“But man is a part of nature,
and his war against nature
is inevitably a war against himself....”
― Rachel Carson
|My tribute to Rachel Carson and her book, 'Silent Spring'|
"No Silent Springs
I recently watched the PBS 'American Experience episode' regarding the author and naturalist, Rachel Carson, about her life's work. While I knew a little about her background, the documentary went into great detail and was very educational. I learned much from watching it, and also found myself highly moved.
|Oils on a 7x9 wood plaque|
In an era when Nature was seen as a thing necessary for Mankind to dominate, exploit, intercept and control, Rachel Carson's message firmly challenged that prevailing Mid-Century notion. While the attitudes of the time reflected a belief that humans were somehow separate and apart from the natural world, Carson argued instead that mankind is actually an integral part of the dynamism of Nature, and that our human activities potentially have more far-reaching repercussions and impacts than we might even be aware of. Her book, 'Silent Spring', specifically questioned the widespread use of chemical pesticides, while calling attention to the negative impacts such wholesale application had upon the environment and animal life -- and ultimately, upon ourselves. 'Silent Spring' became a best seller and brought much public awareness to the concept of environmental conservation. Her influential writings and moving testimonies helped awaken a global cause, and are generally credited with giving rise and advancement to our modern environmental movement.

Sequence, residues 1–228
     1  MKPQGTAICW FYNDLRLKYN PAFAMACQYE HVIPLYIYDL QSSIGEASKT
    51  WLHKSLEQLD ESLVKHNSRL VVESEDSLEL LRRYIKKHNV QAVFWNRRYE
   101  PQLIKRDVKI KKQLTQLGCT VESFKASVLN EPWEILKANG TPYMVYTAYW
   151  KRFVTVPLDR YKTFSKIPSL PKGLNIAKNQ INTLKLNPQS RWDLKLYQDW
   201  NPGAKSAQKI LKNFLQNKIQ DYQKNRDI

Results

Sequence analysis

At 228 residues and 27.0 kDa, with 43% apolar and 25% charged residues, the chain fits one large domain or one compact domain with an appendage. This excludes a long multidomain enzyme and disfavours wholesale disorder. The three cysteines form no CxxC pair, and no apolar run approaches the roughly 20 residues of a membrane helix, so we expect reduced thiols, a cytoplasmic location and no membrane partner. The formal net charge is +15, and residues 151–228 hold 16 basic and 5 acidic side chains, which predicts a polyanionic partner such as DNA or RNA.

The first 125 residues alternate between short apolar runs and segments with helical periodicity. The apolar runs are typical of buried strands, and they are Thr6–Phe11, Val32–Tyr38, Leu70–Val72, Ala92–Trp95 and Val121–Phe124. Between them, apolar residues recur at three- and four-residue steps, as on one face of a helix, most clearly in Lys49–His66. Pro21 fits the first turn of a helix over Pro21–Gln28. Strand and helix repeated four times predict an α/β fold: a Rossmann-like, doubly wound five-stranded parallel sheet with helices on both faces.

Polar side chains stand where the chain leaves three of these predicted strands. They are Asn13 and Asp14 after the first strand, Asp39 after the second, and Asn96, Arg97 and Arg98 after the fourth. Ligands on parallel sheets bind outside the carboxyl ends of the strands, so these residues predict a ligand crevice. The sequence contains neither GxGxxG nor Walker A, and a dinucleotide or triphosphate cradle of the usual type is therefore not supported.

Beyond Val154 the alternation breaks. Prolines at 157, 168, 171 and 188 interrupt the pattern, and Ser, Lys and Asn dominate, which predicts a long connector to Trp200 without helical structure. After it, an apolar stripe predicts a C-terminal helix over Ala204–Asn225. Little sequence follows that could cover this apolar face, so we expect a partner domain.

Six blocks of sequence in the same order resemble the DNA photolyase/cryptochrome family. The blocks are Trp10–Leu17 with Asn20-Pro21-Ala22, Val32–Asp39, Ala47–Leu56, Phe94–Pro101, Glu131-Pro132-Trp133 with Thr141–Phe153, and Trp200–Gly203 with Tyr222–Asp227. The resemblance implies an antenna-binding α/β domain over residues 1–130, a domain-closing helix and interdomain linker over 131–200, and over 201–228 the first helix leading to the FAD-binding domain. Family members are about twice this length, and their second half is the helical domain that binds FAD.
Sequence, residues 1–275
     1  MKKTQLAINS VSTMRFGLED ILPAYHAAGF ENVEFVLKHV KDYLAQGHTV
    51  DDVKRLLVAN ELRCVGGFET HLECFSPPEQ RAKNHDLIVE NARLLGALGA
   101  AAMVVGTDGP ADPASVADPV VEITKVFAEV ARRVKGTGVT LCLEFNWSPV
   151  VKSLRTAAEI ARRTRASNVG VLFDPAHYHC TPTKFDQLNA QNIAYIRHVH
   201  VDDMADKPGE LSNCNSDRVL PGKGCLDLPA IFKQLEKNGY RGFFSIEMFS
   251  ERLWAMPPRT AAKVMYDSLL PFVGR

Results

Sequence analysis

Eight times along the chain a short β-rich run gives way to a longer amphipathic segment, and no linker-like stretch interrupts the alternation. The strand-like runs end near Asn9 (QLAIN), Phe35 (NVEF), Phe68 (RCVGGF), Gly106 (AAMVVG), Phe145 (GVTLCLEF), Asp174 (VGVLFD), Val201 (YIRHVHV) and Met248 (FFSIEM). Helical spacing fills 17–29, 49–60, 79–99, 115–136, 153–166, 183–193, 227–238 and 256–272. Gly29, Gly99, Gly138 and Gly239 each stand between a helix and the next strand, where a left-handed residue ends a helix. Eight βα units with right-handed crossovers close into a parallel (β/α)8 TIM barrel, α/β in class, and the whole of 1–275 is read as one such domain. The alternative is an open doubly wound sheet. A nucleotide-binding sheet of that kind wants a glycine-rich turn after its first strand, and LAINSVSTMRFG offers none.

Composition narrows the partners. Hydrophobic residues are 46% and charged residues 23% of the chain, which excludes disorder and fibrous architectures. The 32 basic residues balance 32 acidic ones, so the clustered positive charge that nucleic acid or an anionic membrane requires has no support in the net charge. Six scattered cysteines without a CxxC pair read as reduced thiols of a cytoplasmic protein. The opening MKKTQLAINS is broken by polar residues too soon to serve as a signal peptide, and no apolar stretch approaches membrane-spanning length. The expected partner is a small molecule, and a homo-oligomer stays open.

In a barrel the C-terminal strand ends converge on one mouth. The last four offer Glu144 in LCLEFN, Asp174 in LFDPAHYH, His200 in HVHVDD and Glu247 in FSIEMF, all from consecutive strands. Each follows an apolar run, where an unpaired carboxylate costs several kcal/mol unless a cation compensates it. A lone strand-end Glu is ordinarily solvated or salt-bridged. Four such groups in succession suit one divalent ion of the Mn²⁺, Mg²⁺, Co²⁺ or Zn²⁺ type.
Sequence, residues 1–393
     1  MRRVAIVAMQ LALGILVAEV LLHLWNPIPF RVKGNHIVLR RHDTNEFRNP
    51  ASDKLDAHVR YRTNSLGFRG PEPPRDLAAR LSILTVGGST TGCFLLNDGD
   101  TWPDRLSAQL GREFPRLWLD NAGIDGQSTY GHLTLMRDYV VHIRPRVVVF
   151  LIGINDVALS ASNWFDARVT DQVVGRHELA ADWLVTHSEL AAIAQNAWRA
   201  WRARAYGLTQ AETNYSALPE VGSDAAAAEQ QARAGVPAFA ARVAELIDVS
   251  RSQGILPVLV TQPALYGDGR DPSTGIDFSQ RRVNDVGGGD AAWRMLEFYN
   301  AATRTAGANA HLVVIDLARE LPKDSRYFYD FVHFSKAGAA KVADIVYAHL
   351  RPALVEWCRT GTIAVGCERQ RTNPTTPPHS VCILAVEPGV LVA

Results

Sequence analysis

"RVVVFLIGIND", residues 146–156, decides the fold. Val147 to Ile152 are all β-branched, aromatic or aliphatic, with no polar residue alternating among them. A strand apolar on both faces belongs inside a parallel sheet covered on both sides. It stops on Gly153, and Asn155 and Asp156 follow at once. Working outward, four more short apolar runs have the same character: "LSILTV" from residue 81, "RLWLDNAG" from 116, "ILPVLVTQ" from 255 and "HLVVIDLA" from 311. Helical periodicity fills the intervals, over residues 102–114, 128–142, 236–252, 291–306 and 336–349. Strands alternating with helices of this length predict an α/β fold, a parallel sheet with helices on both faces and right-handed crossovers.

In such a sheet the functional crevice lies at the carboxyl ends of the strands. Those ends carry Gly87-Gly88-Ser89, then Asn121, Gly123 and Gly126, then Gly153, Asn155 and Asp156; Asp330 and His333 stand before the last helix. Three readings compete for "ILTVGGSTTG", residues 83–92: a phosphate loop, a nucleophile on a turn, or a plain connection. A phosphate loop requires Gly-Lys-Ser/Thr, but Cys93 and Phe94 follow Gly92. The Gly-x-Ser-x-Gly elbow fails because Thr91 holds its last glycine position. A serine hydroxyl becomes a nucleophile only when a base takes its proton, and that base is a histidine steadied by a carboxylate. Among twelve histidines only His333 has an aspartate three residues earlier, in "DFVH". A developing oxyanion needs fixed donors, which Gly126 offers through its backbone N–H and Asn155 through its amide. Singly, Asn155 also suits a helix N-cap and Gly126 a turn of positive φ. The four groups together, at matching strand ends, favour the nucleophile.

|I was able to use a small wooden plaque purchased 2nd-hand from our local I.D.E.A. Store|
As such, when looking for a subject to paint for this month's EBSQ "Awakening" online exhibit, Rachel Carson came to mind immediately. Her influence awakened an entire generation. The title of the book, 'Silent Spring', refers to the scenario of an absence of song birds, as they perish en mass from heavy pesticide exposure. Robins in particular are susceptible to the effects of industrial chemicals and pesticides building up in the food chain -- so a robin seemed a likely symbol. There is also the matter of Rachel Carson having died relatively young (in her 50's) from aggressive breast cancer. As a survivor of breast cancer myself, I hated to learn about how she likely suffered in her illness. Oncology treatments were rudimentary at best back then, harsh and commonly ineffective, and doctors often patronizing. We'll never know if Rachel Carson's own cancer was in any way environmentally triggered. But what if is was...? Then somehow her message feels even all-the-more weighty to me.
|On my easel in progress....|
And so, while I'm entering this piece into the March EBSQ "Awareness" online art exhibit, I was also able to hang it in a local, themed art show this month, entitled "Resist". What comes to mind when you think of Resistance....? Rachel Carson did go on to experience a lot of negative fall-out from her writings and opinions -- many folks, including those in the farming industry and other corporate interests, looked to discredit her work and smear her reputation. They resisted her environmental message -- while she in turn intrepidly resisted their public pressure and attempts to keep her quiet.....
Here's a photo of my entry, "No Silent Springs (Rachel Carson)" hanging in the local "Resist" show....
|My Rachel Carson tribute hanging in the Resist show at our local Independent Media Center|
RIP, Rachel Carson.
Here's to no silent springs.